Featured Research

from universities, journals, and other organizations

Super Strong Antimicrobial Coatings For Medicine, Defense

Date:
July 8, 2008
Source:
American Chemical Society
Summary:
One of the world' strongest materials meets one of nature's most powerful germ killers in a new research project that produced incredibly tough anti-bacterial surfaces with multiple applications in home appliances, medicine, aerospace, and national defense.

Using the enzyme lysozyme (red) and single-walled carbon nanotubes, scientists report development of new antimicrobial coatings for use in household goods, defense and aerospace.
Credit: Courtesy of Samuel Ginn, Auburn University

One of the world' strongest materials meets one of nature's most powerful germ killers in a new research project that produced incredibly tough anti-bacterial surfaces with multiple applications in home appliances, medicine, aerospace, and national defense. Now there is a report on this long-awaited genre of stronger disinfectant surfaces.

In the study, Virginia A. Davis and Aleksandr Simonian and colleagues point out that concern over the role of contaminated surfaces in the spread of infections has sparked a search for better antimicrobial coatings.

Scientists want to harness a powerful natural enzyme called lysozyme in that quest. However, they have not found a material strong enough to hold the enzyme in the desired fashion for long periods.

Their solution involved the first successful merging of lysozyme with single-walled carbon nanotubes (SWNTs). Only 1/50th the width of a human hair, SWNTs have exceptional strength and hold lysozyme in place, while other coatings lose their antimicrobial activity over time.

"The results of this research demonstrate the significant possibilities for the molecular design of hybrid structural materials from SWNTs and natural biopolymers," the report states. "Such robust, antimicrobial materials have significant promise in applications including medicine, aerospace engineering, public transportation, home appliances and sporting goods."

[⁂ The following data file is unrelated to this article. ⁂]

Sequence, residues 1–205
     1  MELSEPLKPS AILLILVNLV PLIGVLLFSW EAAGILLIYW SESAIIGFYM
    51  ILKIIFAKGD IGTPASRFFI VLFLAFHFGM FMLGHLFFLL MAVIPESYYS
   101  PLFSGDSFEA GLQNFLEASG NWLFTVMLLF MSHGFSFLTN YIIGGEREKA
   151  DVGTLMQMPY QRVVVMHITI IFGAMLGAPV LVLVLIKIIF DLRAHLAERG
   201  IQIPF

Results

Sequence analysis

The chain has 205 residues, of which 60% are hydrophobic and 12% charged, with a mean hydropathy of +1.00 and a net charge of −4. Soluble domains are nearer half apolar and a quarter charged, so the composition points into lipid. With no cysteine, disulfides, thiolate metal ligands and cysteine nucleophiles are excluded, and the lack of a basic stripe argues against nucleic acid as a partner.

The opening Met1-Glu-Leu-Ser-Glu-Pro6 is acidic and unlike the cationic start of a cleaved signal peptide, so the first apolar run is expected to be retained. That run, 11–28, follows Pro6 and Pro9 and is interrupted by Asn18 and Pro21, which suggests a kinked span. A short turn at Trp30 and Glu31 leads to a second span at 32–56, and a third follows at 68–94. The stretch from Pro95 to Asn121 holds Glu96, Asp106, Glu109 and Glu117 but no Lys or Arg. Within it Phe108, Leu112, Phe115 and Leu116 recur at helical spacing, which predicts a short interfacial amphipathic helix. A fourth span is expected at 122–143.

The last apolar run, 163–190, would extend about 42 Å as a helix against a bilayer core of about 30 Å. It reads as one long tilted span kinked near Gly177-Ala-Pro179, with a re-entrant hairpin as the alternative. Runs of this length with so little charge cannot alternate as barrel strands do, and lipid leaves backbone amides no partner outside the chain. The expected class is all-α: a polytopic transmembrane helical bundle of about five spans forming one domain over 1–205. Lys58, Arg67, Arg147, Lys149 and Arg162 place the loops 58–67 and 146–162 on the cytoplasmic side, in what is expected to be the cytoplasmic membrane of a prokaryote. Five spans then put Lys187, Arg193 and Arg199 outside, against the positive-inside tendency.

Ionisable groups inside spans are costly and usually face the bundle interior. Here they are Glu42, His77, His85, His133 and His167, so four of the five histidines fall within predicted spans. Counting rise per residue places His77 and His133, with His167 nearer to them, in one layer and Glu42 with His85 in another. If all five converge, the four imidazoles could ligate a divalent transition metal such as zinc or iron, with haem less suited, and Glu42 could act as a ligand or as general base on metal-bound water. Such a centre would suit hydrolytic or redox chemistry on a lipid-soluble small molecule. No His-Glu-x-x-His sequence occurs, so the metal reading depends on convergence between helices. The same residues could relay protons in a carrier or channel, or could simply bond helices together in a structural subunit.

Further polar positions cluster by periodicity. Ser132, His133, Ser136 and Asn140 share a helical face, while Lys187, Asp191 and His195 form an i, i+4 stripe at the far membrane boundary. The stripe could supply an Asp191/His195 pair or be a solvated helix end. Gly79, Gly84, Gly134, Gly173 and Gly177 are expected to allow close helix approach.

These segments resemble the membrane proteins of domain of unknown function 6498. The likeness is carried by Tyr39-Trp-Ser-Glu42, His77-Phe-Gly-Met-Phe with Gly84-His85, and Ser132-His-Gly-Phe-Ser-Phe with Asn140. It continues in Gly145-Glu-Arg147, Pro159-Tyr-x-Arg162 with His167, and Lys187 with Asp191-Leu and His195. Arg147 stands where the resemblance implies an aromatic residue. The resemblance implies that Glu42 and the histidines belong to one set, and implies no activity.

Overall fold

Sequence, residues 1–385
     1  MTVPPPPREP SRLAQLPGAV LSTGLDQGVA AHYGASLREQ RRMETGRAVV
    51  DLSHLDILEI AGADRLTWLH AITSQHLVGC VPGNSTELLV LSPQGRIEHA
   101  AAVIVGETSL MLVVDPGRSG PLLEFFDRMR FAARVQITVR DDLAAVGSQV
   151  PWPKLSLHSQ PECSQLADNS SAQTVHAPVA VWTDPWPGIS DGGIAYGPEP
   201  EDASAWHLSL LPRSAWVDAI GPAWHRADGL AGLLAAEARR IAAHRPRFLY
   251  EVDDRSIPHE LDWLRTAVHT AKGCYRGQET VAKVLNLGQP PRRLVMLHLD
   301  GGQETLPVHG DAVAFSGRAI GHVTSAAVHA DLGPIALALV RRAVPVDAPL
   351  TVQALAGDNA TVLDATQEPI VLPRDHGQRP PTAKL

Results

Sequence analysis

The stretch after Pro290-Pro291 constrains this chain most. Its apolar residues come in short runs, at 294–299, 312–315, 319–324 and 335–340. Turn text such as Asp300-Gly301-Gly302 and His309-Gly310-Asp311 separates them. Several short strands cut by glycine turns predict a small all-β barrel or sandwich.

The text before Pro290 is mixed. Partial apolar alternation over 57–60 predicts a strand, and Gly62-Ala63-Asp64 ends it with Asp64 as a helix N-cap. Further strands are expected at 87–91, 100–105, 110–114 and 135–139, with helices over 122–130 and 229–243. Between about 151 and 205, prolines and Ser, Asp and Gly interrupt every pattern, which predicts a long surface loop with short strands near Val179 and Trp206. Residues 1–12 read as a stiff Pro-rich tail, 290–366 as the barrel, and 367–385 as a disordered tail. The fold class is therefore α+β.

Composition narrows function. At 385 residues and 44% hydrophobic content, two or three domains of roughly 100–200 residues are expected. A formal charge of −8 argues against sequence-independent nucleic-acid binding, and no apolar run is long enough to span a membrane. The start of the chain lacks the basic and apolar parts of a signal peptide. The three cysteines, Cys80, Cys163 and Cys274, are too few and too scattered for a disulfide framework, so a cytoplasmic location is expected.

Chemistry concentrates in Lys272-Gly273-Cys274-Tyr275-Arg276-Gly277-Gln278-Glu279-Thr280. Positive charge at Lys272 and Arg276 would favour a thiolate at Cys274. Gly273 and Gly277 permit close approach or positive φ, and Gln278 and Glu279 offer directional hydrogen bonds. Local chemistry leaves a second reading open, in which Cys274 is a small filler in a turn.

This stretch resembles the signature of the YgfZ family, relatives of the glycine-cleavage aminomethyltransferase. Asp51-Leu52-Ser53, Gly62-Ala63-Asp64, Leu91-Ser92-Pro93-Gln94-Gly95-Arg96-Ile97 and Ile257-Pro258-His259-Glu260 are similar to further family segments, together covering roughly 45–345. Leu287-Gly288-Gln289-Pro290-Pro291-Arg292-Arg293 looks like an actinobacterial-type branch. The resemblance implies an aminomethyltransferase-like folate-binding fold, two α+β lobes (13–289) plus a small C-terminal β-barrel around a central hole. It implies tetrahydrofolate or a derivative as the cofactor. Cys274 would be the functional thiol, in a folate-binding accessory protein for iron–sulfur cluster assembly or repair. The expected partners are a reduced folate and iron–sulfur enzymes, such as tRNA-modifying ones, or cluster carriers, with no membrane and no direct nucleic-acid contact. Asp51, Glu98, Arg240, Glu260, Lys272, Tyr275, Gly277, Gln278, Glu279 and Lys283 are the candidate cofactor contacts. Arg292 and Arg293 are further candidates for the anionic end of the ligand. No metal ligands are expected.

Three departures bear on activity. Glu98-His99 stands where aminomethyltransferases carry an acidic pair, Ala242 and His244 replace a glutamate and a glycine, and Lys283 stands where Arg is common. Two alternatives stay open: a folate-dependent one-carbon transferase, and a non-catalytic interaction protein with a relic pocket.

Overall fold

Story Source:

The above story is based on materials provided by American Chemical Society. Note: Materials may be edited for content and length.


Journal Reference:

  1. Nepal et al. Strong Antimicrobial Coatings: Single-Walled Carbon Nanotubes Armored with Biopolymers. Nano Letters, 2008; 0 (0): 0 DOI: 10.1021/nl080522t

Cite This Page:

American Chemical Society. "Super Strong Antimicrobial Coatings For Medicine, Defense." ScienceDaily. ScienceDaily, 8 July 2008. <www.sciencedaily.com/releases/2008/07/080707090528.htm>.
American Chemical Society. (2008, July 8). Super Strong Antimicrobial Coatings For Medicine, Defense. ScienceDaily. Retrieved September 17, 2014 from www.sciencedaily.com/releases/2008/07/080707090528.htm
American Chemical Society. "Super Strong Antimicrobial Coatings For Medicine, Defense." ScienceDaily. www.sciencedaily.com/releases/2008/07/080707090528.htm (accessed September 17, 2014).

Share This



More Matter & Energy News

Wednesday, September 17, 2014

Featured Research

from universities, journals, and other organizations


Featured Videos

from AP, Reuters, AFP, and other news services

Space Race Pits Bezos Vs Musk

Space Race Pits Bezos Vs Musk

Reuters - Business Video Online (Sep. 16, 2014) Amazon CEO Jeff Bezos' startup will team up with Boeing and Lockheed to develop rocket engines as Elon Musk races to have his rockets certified. Fred Katayama reports. Video provided by Reuters
Powered by NewsLook.com
MIT's Robot Cheetah Unleashed — Can Now Run, Jump Freely

MIT's Robot Cheetah Unleashed — Can Now Run, Jump Freely

Newsy (Sep. 16, 2014) MIT developed a robot modeled after a cheetah. It can run up to speeds of 10 mph, though researchers estimate it will eventually reach 30 mph. Video provided by Newsy
Powered by NewsLook.com
Manufacturer Prints 3-D Car In Record Time

Manufacturer Prints 3-D Car In Record Time

Newsy (Sep. 15, 2014) Automobile manufacturer Local Motors created a drivable electric car using a 3-D printer. Printing the body only took 44 hours. Video provided by Newsy
Powered by NewsLook.com
Refurbished New York Subway Tunnel Unveiled After Sandy Damage

Refurbished New York Subway Tunnel Unveiled After Sandy Damage

Reuters - US Online Video (Sep. 15, 2014) New York officials unveil subway tunnels that were refurbished after Superstorm Sandy. Nathan Frandino reports. Video provided by Reuters
Powered by NewsLook.com

Search ScienceDaily

Number of stories in archives: 140,361

Find with keyword(s):
Enter a keyword or phrase to search ScienceDaily for related topics and research stories.

Save/Print:
Share:

Breaking News:
from the past week

In Other News

... from NewsDaily.com

Science News

Health News

    Environment News

      Technology News



      Save/Print:
      Share:

      Free Subscriptions


      Get the latest science news with ScienceDaily's free email newsletters, updated daily and weekly. Or view hourly updated newsfeeds in your RSS reader:

      Get Social & Mobile


      Keep up to date with the latest news from ScienceDaily via social networks and mobile apps:

      Have Feedback?


      Tell us what you think of ScienceDaily -- we welcome both positive and negative comments. Have any problems using the site? Questions?
      Mobile: iPhone Android Web
      Follow: Facebook Twitter Google+
      Subscribe: RSS Feeds Email Newsletters
      Latest Headlines Health & Medicine Mind & Brain Space & Time Matter & Energy Computers & Math Plants & Animals Earth & Climate Fossils & Ruins